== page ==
Thursday, February 05, 2009

The End of Public Education in the South

This Sounds Familiar...

Pay attention, supporters of public education – the Georgia legislature is now looking at a bill that will end public education as an institution in the state. The bill will move Georgia to an all-voucher system. Importantly, what happens in the Georgia legislature usually trickles down to the rest of the South, so expect more of these coming our way very soon.

This will be especially true in Louisiana, as the poster child for public school dysfunction in the South is the non-accredited New Orleans Recovery School District (RSD). We have a governor that already has successful voucher legislation to hang his hat on, a sick-man teachers’ union that has little or no public support, and a system that’s main goal is to charter schools they can’t (won’t) fix.

The AJC Opinion page puts it this way:
Johnson bases his case on the contention that Georgia’s public schools are mediocre and impervious to improvement. However, the failings of Georgia schools are not inherent in public schools. They are a direct result of the state’s deep poverty, its historic indifference to quality education, especially for poor and minority children, and the repeated refusal of the very body that Johnson leads, the Legislature, to fund education adequately and stick with reforms long enough to register improvement.
(Emphasis added by me.)

True.

It sure would be a different story if the same folks who tell us how awesome school choice is weren’t the exact same people responsible for destroying the old system in the first damn place.


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4 comments:

Dante said...

Pat, what in the holy hell are you talking about? How does a plan that offers (but does not force you to use) vouchers and allows "parents to switch their children from one public school to another" (emphasis mine) in Georgia end public education in the South? For the second part of that proposal there would have to be by definition a public school system. And aren't there more states in "the South" than Georgia?

Besides, I see a lot of the inner workings of the public school system in Georgia. My wife has been both a teacher and a school administrator. My job is with a channel partner for software specifically targeted at K-12 institutions. They have plenty of money. They just crap it down the toilet on foolish purchases.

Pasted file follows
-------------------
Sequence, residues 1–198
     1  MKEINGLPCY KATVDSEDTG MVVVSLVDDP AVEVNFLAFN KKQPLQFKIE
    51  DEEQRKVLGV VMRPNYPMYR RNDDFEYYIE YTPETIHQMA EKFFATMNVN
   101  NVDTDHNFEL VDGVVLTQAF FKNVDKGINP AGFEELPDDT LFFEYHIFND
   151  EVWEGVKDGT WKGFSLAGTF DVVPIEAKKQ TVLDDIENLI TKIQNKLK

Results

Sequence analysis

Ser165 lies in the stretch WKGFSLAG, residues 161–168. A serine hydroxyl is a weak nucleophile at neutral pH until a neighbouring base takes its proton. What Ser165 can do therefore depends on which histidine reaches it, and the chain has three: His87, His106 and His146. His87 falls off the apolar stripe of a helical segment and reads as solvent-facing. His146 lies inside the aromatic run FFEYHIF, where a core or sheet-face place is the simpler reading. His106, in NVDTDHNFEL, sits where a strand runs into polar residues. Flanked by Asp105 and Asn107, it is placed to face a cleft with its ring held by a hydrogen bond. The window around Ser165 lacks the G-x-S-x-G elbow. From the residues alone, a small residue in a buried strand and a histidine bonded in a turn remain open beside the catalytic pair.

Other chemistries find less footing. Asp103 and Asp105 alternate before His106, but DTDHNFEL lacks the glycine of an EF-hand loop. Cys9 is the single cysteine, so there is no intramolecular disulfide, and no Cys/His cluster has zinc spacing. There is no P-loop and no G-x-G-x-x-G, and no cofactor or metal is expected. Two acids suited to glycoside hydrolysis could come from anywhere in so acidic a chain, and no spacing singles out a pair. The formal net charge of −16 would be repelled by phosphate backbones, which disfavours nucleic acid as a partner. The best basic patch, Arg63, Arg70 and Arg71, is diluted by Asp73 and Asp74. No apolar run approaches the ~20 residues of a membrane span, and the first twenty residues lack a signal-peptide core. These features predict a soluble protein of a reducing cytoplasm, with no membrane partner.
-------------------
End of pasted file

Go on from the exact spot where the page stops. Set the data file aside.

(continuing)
For example, the City of Atlanta school system paid MILLIONS to set up a disaster recovery system that can have them back up and online in in two hours from an offsite location if a natural disaster destroys their server building. Yeah, because classrooms are going to be up and running again two hours after an earthquake or tornado levels a building a few miles away from the schools and those schools are going to need to check schedules and mark attendance right then. Unfortunately, that sort of spending is far more often the norm than the exception.

Cousin Pat from Georgia said...

Dante, I'm talking about the end of public education in the South.

While progressive actions by the state of Georgia take years to transmit across state lines, regressive ones will go much, much faster. If Georgia, who has the most robust public education system in the Deep South, abandons it with vouchers, it will not take long for other Southern states to follow suit.

And "switch their children from one public school to another" has been tried.

What you do by adding vouchers to that situation is that the "good" public schools will have so many applicants, they will have to turn other applicants away. That leads to the insidious nature of "selections." Schools will have to come up with application deadlines and entrance requirements and selection committes and waiting lists, and they will get to cherry pick their students. Students that don't get in will have to choose from other schools, from those simply "not-as-good" to the downright dysfunctional.

In the end, children will end up in schools based on how involved/educated/connected their parents are. The students with the most involved/educated/connected parents will end up at the best and most resource-rich schools, while students with the least involved/educated/connected parents will end up back at the lowest tier.

And I don't even want to imagine how some helicopter/overbearing parents and their brood will act under a voucher system. As if they weren't obnoxious enough just calling schools to insist on grade inflation and turning a blind eye to discipline matters, now they have an actual dollar amount to throw around. It was bad enough dealing with folks who thought they were entitled to bad behavior because "their taxes pay salaries."

Eric said...
This comment has been removed by the author.
Dante said...

"What you do by adding vouchers to that situation is that the "good" public schools will have so many applicants, they will have to turn other applicants away. That leads to the insidious nature of "selections." Schools will have to come up with application deadlines and entrance requirements and selection committes and waiting lists, and they will get to cherry pick their students. Students that don't get in will have to choose from other schools, from those simply "not-as-good" to the downright dysfunctional."

And that's perfectly ok for post-secondary education but not secondary education because?

"And I don't even want to imagine how some helicopter/overbearing parents and their brood will act under a voucher system. As if they weren't obnoxious enough just calling schools to insist on grade inflation and turning a blind eye to discipline matters, now they have an actual dollar amount to throw around."

And even halfway decent schools will be able to show helicopter parents the door if the they don't like what that school is doing. After all, they have plenty of other applicants to fill the student's seat as you argued earlier.